By Paul Homewood
How we laughed at Greta Thunberg’s hairshirt world of loosely-knitted jumpers and long overland journeys, a world in which we learn to do without the luxuries of the oil-fuelled economy and go back to enjoying a pre-industrial existence. That wasn’t what net zero will look like, government ministers assured us; rather, miracle new technologies will arrive to ensure that not only do we eliminate carbon emissions; we will enrich ourselves in the process.
Well, it’s Greta’s world we are living in now. Millions are preparing to shiver this winter. Ministers are feeding us tips on wholesome home cooking. We will have to forgo holidays and evenings out just to pay our gas and electricity bills.
The energy crisis has given us a foretaste of what a world without cheap energy looks like. The immediate causes might be a surge in gas prices due to the war in Ukraine, combined with more general supply issues such as the hangover from Covid lockdowns. But it is a product, too, of decisions we have made as we strive for net zero – however much the green energy lobby tries to deny this.
Yesterday, the Prime Minister became the latest figure to trot out the bogus statistic that wind power is now "nine times" cheaper than gas-produced electricity. It derives from false comparison between the long-term, guaranteed, index-linked prices offered to owners of wind farms and the very volatile "day ahead" prices which energy suppliers have to pay owners of gas stations to spark up their plants for a few hours at short notice in order to make up for the lack of sun and wind power.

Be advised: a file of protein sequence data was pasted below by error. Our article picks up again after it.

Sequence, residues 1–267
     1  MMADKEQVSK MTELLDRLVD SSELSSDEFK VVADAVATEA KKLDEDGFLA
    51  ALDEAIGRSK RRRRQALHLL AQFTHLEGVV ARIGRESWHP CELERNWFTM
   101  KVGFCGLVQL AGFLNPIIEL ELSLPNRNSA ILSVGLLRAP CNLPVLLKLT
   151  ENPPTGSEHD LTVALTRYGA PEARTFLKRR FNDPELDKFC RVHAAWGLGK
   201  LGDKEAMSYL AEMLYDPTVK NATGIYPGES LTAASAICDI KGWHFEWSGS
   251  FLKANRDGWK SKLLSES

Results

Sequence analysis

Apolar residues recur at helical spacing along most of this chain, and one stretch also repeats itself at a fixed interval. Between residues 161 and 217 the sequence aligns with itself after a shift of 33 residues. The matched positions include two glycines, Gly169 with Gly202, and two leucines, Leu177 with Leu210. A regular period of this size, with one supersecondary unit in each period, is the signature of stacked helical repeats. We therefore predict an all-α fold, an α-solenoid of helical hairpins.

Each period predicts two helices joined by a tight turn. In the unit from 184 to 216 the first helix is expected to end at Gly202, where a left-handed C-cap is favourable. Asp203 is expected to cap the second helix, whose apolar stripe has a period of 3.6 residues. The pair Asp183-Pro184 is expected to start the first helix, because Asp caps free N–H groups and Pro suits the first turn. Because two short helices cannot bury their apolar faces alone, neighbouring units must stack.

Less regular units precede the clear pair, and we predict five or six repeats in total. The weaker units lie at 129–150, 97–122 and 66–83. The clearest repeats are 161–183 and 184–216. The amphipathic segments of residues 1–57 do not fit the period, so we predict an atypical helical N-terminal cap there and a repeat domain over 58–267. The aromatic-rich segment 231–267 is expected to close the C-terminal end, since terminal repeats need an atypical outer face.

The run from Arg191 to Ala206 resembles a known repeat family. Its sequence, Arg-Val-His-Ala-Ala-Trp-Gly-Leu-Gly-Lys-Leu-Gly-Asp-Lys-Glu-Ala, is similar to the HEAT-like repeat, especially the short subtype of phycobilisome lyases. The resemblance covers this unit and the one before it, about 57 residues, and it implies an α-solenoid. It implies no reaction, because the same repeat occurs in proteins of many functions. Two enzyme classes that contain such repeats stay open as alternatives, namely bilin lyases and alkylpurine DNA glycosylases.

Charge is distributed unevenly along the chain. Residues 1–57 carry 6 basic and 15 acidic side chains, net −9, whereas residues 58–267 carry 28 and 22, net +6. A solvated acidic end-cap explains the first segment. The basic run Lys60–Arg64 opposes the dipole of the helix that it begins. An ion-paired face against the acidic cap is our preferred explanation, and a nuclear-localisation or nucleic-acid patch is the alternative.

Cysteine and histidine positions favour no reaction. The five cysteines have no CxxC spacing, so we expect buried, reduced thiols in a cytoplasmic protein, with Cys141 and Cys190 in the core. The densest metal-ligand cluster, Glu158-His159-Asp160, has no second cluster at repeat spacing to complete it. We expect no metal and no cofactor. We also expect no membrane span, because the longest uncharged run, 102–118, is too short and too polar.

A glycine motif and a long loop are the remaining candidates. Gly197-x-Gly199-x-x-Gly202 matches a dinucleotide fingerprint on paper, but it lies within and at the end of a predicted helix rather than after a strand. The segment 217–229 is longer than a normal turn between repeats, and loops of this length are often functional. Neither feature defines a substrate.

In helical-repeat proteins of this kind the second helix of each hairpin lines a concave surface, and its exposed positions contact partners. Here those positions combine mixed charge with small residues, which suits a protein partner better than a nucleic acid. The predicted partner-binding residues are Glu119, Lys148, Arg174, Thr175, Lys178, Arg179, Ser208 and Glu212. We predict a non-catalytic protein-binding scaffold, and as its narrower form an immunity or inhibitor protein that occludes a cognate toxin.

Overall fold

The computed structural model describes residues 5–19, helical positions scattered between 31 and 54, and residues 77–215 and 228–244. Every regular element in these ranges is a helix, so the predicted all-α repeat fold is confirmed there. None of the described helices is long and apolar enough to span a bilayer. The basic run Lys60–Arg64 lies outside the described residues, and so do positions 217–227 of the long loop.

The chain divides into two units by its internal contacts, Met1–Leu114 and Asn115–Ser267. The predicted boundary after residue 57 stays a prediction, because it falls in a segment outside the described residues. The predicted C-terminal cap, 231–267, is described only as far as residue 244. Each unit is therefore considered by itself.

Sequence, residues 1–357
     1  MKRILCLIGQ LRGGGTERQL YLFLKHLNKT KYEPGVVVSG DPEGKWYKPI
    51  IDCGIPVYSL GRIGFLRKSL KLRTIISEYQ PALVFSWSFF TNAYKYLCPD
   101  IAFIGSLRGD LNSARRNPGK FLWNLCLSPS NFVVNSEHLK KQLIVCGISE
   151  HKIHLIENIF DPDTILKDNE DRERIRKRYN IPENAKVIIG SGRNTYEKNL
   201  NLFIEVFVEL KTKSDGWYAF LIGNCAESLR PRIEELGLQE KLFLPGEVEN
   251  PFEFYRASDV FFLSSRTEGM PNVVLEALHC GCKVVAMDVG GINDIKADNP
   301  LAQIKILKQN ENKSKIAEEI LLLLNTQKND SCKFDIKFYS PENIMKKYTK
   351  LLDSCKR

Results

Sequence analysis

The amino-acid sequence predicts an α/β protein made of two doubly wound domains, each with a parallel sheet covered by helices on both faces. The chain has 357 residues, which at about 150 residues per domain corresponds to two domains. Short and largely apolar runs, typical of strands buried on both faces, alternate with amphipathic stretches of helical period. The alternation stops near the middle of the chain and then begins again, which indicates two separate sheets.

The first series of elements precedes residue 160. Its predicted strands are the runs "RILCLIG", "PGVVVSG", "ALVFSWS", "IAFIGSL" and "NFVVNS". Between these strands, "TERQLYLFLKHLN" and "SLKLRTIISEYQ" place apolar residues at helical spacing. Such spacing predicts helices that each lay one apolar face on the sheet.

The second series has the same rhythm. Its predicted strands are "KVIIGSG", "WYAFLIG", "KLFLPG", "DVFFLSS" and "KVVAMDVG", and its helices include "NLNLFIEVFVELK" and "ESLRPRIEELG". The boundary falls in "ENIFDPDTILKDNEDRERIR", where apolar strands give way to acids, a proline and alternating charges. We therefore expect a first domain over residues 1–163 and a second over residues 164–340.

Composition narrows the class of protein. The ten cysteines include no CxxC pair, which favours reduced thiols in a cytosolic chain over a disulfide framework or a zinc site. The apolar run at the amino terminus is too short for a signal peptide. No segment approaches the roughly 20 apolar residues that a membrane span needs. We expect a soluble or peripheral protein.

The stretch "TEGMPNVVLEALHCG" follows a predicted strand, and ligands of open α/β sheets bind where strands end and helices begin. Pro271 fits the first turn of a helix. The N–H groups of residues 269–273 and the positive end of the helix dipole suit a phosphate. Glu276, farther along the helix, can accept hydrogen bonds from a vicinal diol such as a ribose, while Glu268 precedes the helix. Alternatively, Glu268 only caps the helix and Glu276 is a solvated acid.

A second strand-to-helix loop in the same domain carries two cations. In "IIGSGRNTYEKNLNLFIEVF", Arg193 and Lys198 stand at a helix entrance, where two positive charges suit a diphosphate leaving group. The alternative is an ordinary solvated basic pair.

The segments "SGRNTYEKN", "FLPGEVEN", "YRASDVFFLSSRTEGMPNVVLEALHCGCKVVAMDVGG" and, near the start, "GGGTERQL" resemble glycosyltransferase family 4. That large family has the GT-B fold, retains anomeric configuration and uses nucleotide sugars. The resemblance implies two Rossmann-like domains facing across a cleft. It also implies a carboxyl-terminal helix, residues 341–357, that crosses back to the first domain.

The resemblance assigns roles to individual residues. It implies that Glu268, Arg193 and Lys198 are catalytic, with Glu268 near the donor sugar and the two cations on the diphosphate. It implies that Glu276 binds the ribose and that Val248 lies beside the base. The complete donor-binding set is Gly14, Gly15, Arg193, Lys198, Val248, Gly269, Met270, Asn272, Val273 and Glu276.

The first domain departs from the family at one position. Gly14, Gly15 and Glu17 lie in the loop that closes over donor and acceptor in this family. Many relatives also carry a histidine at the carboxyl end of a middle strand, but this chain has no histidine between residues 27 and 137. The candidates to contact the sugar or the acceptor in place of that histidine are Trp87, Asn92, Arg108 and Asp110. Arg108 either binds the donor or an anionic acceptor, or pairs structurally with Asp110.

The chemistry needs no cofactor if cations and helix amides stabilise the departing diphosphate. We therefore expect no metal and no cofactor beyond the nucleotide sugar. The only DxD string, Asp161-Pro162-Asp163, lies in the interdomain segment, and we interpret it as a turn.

We have put all our eggs in the wind and solar basket partly because, notionally, the marginal cost of producing it is very low. But you can’t look at the cost of wind and solar power in isolation. You have to factor in either the cost of energy storage, which is so expensive that few people in Britain want to invest in it – beyond a few token battery installations.
The reason for that is that storing wind-generated power in batteries costs around three times as much as does generating the power in the first place. Instead, we are using gas as a back-up. In reality, wind and solar power have made us more dependent on gas, not less. Twenty years ago, when coal was our predominant source of power, we might have been in a better position, but we have closed down coal plants without a reliable replacement. At the same time, the fixation on net zero has led us to pass over the chance to exploit our native shale gas reserves.
Proponents of net zero tend to fall into two camps. There is the hair-shirt wing, which has jumped on climate change as a vehicle for destroying capitalism and replacing it with what they see as a simpler, fairer, more wholesome society. And there is the ‘have your cake and eat it’ wing, which contends that banning carbon emissions will spur such a rapid and transformative industrial revolution that we will arrive in 2050 not only in a clean world but one which is far richer, too.
I wish I could believe in the latter. Sadly, though, I fear that the first group – the Gretas of this world – are more realistic. If we are determined to push ahead with a legally-binding target to reach net zero emissions by 2050 with no real idea about how it can be achieved we are more likely to end up with primitive socialism, and the deprivation that entails, than in the cakeist world of clean energy and riches. This winter will give us a sneak preview.
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September 3, 2022 at 04:14AM